The independent inquiry was established by the UK government to work out the history of two epidemiological crises, bovine spongiform encephalopathy (Mad-cow disease) and its human relative, new-variant Creutzfeldt-Jakob disease (vCJD). The inquiry’s three-person committee, headed by Lord Phillips, a high-court judge, was also asked to assess whether government and industry responded adequately to the situation as it evolved.

Roughly £27m ($39.4m) and 630 witnesses later, the Phillips report is widely expected to be the definitive word on what went wrong in Britain between the first documented cases of BSE in 1986 and the announcement in Parliament, ten years later, that the strange neurodegenerative condition appearing in a handful of young people, now called vCJD, was probably linked to Mad-cow disease.” – The Economist, October 5, 2000.

The Full report from the UK’s BSE Inquiry is available. Furthermore, almost 4,000 Britons aged between 10 and 30 may be harboring the prion proteins that cause the human form of Mad-cow disease. The new estimate comes from direct analyses of human biopsies (tonsils), and is much higher than epidemiological projections of the likely number of deaths from variant Creutzfeldt-Jakob disease (vCJD).

For years, industry experts and government regulators insisted infectious prions could not be found in blood or muscle except for infected sheep and goats. Prions have since been found in blood and muscle of human vCJD and sCJD victims and in the leg muscle tissue of infected deer.

Even organic supplies are not immune from the prion problem. For example, if an organic farm is downstream from a traditional farm that has an animal with BSE, the water runoff from that farm will expose the organic operation downstream to deadly prions.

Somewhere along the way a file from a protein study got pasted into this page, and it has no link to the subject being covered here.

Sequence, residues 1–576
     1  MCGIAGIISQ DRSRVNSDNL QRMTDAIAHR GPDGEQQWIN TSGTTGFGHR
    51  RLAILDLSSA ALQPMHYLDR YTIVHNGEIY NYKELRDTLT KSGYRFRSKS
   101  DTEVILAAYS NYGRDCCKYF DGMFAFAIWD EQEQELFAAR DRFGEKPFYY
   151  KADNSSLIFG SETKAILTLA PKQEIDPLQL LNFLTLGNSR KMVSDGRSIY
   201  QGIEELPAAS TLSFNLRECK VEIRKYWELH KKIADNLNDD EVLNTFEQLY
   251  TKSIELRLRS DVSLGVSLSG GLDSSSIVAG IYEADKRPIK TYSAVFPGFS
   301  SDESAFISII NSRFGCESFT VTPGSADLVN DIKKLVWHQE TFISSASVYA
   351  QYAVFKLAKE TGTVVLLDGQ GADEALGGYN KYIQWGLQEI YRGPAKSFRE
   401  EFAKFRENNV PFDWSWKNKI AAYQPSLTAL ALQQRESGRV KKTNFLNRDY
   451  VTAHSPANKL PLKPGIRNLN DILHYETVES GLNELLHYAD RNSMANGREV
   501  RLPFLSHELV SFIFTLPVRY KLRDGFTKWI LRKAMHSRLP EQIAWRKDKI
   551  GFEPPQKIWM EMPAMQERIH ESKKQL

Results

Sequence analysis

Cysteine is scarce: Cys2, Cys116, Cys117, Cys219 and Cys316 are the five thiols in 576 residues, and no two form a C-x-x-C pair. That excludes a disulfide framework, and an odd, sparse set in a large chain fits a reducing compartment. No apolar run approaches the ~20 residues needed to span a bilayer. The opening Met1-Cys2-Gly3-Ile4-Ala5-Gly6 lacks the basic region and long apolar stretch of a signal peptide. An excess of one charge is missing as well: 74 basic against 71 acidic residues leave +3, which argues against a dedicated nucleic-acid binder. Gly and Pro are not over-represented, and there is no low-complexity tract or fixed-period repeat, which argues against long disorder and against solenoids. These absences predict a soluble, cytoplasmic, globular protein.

Let’s assume that everything that the beef and dairy industries, and the USDA, have said about the latest example of Mad-cow disease is true. The tested animal was sent to a rendering plant and was never destined for the food supply.

  1. How much milk did that dairy cow produce before it exhibited clinical signs of the deadly disease? Where did that milk go? On what date was this sick dairy cow withdrawn from the production line? We know that animals are contagious, and shed prions via bodily fluids, including milk, long before they exhibit clinical signs of the disease.
  2. How many other dairy cows have this fatal and contagious disease, but don’t exhibit the clinical signs, yet? How much milk are these animals producing every day?

Growth Hormones and Blood Transfusions: Most growth hormones are made from the pituitary brain of dead cattle or cloned from the DNA of that pituitary gland (bad idea). One infected gland in the production facility and all future products are permanently contaminated. Dairy and beef producers could be injecting BSE directly into live animals with this practice. Similar practices (taking the pituitary gland from cadavers) have killed people from prion disease, including this very recent case from May 2012.

It’s time to stop using growth hormones in beef and dairy cattle. Even if the hormone itself is free of prion disease, what does a growth hormone do to a prion? Has industry or regulators even conducted studies on this dynamic? People have contracted prion disease from infected hormones, infected blood and infected organ transplants. We must assume that the same risk is present for livestock.